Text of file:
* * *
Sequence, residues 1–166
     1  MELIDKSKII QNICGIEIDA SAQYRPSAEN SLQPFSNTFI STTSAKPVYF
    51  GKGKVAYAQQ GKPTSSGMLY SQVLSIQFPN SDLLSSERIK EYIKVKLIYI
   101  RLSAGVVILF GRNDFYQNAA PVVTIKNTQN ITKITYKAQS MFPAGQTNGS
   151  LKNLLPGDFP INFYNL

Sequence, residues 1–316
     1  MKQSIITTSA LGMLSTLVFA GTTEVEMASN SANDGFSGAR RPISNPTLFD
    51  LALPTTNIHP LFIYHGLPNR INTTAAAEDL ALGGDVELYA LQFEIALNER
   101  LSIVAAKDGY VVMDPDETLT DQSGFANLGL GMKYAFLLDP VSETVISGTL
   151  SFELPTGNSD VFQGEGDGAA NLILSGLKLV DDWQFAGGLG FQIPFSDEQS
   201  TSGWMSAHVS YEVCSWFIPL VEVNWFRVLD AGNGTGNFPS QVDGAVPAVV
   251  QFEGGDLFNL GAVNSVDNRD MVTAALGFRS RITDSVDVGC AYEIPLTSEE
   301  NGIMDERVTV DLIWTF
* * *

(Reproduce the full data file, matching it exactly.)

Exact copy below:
Sequence, residues 1–166
     1  MELIDKSKII QNICGIEIDA SAQYRPSAEN SLQPFSNTFI STTSAKPVYF
    51  GKGKVAYAQQ GKPTSSGMLY SQVLSIQFPN SDLLSSERIK EYIKVKLIYI
   101  RLSAGVVILF GRNDFYQNAA PVVTIKNTQN ITKITYKAQS MFPAGQTNGS
   151  LKNLLPGDFP INFYNL

Sequence, residues 1–316
     1  MKQSIITTSA LGMLSTLVFA GTTEVEMASN SANDGFSGAR RPISNPTLFD
    51  LALPTTNIHP LFIYHGLPNR INTTAAAEDL ALGGDVELYA LQFEIALNER
   101  LSIVAAKDGY VVMDPDETLT DQSGFANLGL GMKYAFLLDP VSETVISGTL
   151  SFELPTGNSD VFQGEGDGAA NLILSGLKLV DDWQFAGGLG FQIPFSDEQS
   201  TSGWMSAHVS YEVCSWFIPL VEVNWFRVLD AGNGTGNFPS QVDGAVPAVV
   251  QFEGGDLFNL GAVNSVDNRD MVTAALGFRS RITDSVDVGC AYEIPLTSEE
   301  NGIMDERVTV DLIWTF